The present CEUS study, therefore, investigated capillary histomorphometry at the exact site of CEUS measurement, including capillary density, fiber type-specific capillary contacts, and their supplied fiber area as well as fiber composition. This is important, because differences in MBV as detected by CEUS may theoretically reflect structural differences in capillary network, i.e. capillary density or recruitable capillary exchange surface/volume of a MVU and, therefore, conclusion on microvascular dysfunction may be erroneous, especially because the exact MVU anatomy and function in humans is not known [25]. While, starting from the age of 40 years, there is an ongoing loss of muscle mass or fiber area (which should geometrically increase capillary density), aging without training countermeasure clearly reduces capillary contacts themselves along with VEGF expression [22, 23] though at preserved angiogenetic exercise response [24]. Furthermore, the metabolic syndrome, as an age-immanent factor itself, appears to contribute to capillary rarefaction [26, 47].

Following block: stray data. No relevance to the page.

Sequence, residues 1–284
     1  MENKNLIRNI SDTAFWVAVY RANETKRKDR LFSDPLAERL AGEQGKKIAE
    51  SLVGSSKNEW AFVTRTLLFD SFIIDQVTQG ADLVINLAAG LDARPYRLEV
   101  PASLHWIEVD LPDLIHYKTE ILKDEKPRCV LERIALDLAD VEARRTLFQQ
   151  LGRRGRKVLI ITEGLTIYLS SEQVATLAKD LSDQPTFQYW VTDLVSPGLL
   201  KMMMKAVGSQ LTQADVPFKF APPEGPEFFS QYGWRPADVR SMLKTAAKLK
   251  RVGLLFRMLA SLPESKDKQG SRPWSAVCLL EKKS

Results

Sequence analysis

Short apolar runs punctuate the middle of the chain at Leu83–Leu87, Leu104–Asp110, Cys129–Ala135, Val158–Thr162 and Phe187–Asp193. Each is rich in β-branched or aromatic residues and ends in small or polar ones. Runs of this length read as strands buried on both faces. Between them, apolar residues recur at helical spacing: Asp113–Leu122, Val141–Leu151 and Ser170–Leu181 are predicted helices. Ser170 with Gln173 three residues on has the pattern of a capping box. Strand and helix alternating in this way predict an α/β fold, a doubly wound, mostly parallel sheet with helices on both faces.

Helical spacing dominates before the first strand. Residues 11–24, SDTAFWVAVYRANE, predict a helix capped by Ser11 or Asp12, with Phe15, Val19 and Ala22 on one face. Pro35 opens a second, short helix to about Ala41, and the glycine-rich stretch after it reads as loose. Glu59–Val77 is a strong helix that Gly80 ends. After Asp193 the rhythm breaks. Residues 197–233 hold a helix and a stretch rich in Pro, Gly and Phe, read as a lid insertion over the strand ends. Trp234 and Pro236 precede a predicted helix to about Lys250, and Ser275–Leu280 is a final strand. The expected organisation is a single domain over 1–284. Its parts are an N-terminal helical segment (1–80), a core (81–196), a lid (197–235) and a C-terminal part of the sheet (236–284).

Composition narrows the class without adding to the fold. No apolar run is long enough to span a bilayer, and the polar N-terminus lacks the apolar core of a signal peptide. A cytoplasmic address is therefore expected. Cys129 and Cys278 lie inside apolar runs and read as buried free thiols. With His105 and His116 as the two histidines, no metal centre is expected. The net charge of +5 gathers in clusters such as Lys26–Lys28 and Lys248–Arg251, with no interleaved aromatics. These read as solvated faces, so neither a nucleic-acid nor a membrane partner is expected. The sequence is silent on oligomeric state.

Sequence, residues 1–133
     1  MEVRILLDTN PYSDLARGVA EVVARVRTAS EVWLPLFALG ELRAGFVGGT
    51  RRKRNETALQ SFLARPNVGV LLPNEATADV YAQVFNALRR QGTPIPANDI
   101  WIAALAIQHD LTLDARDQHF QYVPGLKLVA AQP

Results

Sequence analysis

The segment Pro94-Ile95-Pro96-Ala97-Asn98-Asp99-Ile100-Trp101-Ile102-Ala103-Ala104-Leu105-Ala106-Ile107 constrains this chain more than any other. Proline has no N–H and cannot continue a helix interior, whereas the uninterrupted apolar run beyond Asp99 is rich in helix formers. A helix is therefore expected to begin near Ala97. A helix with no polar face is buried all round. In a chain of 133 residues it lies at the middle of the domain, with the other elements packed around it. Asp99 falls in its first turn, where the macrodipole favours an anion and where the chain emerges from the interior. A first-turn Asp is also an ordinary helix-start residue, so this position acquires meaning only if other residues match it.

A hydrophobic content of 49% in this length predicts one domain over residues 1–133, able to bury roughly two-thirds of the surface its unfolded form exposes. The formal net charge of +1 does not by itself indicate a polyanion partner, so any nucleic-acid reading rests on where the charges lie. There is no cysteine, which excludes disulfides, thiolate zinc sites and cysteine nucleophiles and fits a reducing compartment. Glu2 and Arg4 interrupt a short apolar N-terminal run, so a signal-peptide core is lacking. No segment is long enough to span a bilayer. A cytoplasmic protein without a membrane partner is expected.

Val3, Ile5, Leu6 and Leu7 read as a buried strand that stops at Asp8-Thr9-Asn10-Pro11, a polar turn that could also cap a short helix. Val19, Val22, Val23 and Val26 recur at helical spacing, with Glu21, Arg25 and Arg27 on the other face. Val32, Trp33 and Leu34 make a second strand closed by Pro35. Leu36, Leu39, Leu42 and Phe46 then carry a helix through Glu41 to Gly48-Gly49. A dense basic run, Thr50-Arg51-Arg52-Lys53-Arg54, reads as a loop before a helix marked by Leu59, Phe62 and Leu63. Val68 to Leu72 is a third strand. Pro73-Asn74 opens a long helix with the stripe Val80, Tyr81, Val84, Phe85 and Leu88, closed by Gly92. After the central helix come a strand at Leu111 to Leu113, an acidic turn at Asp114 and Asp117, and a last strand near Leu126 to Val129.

We presently demonstrate, however, that the findings on calculated MBV or reached AI (before microbubble destruction) with CEUS cannot be attributed to a significant, age-related difference in capillary density, capillary to fiber ratio, or any overall or fiber type-specific difference in capillary contacts or supplied fiber area per contact. Thus, there obviously is rather a functional than a structural impairment in microcirculation in healthy MA vs. YG males, even under the noteworthy conditions of the present study that muscle mass, muscle function (of quadriceps muscle) and arterial reserve (of the calf muscles) appear to be preserved.